The Brief

Please note: the competition has now concluded, below is the original call to interest.

In the competition we will welcome Expressions of Interest from teams, which should include both experienced architects and engineers who can deliver a challenging and sensitive project to deadline and within cost constraints. Additional skills may be proposed in the submission if necessary. English Heritage is a progressive patron and will encourage teams which balance seasoned experience with emerging talent.

The team-lead must be identified, but may be either an architect or design engineer.

It is hoped the proposed bridge – spanning 72m, 28m higher than the current crossing and approximately 2.4m wide – will enhance and improve the existing setting of the monument and the experience of the site. More than just a practical passage, it will offer exhilarating new viewpoints and be part of the integrated interpretative journey around the wider site and castle. While it is not expected to protect users from the weather, it should be safe to use in the normal range of climatic conditions – the site itself being closed during severe weather events.


The project’s key objectives are:

  • exemplary design, which is sensitively balanced with a landscape of national, historic and mystical significance
  • design capable of attracting and coping with projected visitor numbers of circa 250,000 per year and local climate conditions – notably high winds
  • design incorporating a construction methodology, driven by build-ability, minimal construction impact on archaeology, landscape and constrained access
  • improving physical and intellectual access for visitors while also enhancing the visual and sensory pleasure of arrival and introducing new viewpoints
  • sustainable place-making and conservation: protecting the surrounding heritage, archaeology and landscape
  • a bridge with low maintenance and upkeep

Wider themes informing English Heritage’s strategic approach include:

  • awareness of Cornish identity, and respect for the local vernacular, whilst allowing for innovation
  • developing Tintagel’s local, national and international profile as a destination
  • improving visitor orientation, circulation and relieving areas of concentrated visitor flows
  • engaging visitors with Tintagel’s history, legends and literature and enhancing the experience of exploring the Island

Budget and programme: Total project costs are estimated to be £4 million (including, fees, VAT and associated costs) and delivery of the bridge is expected to be by Spring 2019.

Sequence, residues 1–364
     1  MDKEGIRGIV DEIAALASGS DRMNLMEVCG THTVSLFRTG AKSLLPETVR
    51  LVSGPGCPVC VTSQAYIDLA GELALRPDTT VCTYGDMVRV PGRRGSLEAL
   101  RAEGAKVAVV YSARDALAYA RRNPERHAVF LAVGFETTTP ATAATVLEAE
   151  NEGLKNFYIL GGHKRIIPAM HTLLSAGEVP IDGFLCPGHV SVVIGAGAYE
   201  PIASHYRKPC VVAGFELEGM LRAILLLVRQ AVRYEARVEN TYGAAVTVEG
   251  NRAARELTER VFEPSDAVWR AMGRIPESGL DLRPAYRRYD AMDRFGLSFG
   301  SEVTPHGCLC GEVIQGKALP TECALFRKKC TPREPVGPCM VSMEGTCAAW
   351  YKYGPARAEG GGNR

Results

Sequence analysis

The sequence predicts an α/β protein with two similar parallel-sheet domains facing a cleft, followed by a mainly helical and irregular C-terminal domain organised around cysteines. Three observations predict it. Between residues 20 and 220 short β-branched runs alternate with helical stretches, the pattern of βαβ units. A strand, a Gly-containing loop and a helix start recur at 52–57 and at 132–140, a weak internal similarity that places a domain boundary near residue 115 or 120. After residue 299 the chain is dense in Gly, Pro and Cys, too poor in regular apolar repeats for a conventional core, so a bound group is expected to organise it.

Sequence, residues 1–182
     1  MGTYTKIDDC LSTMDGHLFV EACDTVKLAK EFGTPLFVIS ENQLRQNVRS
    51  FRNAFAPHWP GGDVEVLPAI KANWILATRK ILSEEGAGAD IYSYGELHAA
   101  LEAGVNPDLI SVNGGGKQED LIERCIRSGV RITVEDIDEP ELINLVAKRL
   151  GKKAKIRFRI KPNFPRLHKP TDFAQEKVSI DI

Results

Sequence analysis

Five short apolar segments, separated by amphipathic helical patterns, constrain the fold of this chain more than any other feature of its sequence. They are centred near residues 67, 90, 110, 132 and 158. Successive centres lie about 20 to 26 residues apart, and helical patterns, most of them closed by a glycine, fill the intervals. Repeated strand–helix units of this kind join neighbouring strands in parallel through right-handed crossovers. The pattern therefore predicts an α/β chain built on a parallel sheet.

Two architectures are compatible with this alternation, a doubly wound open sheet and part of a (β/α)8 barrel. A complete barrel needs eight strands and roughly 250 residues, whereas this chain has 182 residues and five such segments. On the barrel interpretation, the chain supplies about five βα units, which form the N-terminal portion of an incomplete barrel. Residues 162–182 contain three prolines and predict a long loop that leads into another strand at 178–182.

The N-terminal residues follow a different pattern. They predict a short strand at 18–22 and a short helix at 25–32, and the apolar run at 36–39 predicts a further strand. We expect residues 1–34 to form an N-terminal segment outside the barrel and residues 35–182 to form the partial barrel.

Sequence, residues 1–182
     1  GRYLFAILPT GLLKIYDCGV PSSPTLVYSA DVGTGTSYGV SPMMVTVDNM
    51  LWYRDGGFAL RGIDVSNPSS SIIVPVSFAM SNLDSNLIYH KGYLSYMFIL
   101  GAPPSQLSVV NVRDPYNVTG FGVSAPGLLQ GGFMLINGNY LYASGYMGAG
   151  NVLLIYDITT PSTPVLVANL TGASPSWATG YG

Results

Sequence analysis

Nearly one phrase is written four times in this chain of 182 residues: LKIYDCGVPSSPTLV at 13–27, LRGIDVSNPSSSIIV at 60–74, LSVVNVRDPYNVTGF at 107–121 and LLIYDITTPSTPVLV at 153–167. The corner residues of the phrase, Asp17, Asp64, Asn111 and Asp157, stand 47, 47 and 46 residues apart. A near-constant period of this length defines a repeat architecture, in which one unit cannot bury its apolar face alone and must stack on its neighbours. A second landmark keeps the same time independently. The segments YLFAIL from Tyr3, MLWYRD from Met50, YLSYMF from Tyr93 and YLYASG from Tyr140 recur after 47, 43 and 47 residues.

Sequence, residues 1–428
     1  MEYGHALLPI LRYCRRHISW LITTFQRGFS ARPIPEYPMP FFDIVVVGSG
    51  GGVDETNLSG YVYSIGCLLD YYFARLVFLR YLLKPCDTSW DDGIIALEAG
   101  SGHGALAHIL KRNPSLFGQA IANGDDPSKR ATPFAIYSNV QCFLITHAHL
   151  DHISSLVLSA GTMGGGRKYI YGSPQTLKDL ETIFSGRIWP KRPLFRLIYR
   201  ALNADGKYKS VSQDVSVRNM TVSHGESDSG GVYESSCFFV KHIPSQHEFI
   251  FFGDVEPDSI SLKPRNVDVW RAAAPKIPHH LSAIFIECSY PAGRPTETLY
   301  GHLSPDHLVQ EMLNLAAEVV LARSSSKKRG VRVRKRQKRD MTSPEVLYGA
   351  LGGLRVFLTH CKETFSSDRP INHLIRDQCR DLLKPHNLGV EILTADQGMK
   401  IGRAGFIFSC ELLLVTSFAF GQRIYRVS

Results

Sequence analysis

This is a two-stage competition, and at the EOI stage we are not seeking a design but an explanation behind the proposed composition of your team, an approach to the issues at hand, and a reaction to the emerging brief.

Find out more about Tintagel. For the full EOI document, see Downloads


Graham Morrison

Graham Morrison OBE

Partner, Allies and Morrison

Graham is a founding partner of Allies and Morrison. The practice, now 300 strong and in its 30th year, has won 36 RIBA awards and been responsible for a number of buildings for Oxford and Cambridge, the restoration of the Royal Festival Hall and the masterplan for the London 2012 Olympics. He trained at Cambridge University, has lectured extensively both at home and abroad, has held a visiting professorship at Nottingham University and has been an External Examiner at Cambridge and Portsmouth Universities.

Graham has served as an RIBA Council member and an advisor to the Cabinet Office and has judged a number of major competitions. He has been a member of the Arts Council Lottery Architecture Committee, a Royal Fine Art Commissioner and a CABE Design Review panellist. He has been a Commissioner of English Heritage since 2011, was member of its London Advisory Committee from 2001 to 2013 and is now a member of Historic England's advisory committee. He contributes to several Design Review Panels including his home base of Southwark and the South Downs National Park.

Photo: Courtesy of Allies and Morrison

The Reverend Peter Beacham

The Reverend Peter Beacham OBE

Former English Heritage Protection Director and author

Peter was conservation officer of Devon County Council for over 20 years and has written widely on the West Country, including a collaboration with photographer James Ravilious, Down the Deep Lanes (2000). As an Anglican priest he has served the historic churches in the centre of Exeter for over 40 years. He worked for English Heritage from 1991 and retired as Director of Heritage Protection in 2011 having piloted the draft Heritage Protection Bill through to its publication. Peter is the author of the recently revised Cornwall volume of Nikolaus Pevsner’s Buildings of England series (2014) and is currently working on Buckfast Abbey: History, Art and Architecture, a volume to celebrate the Abbey’s millennium in 2018. He is also currently a member of the Architectural Panel of the National Trust.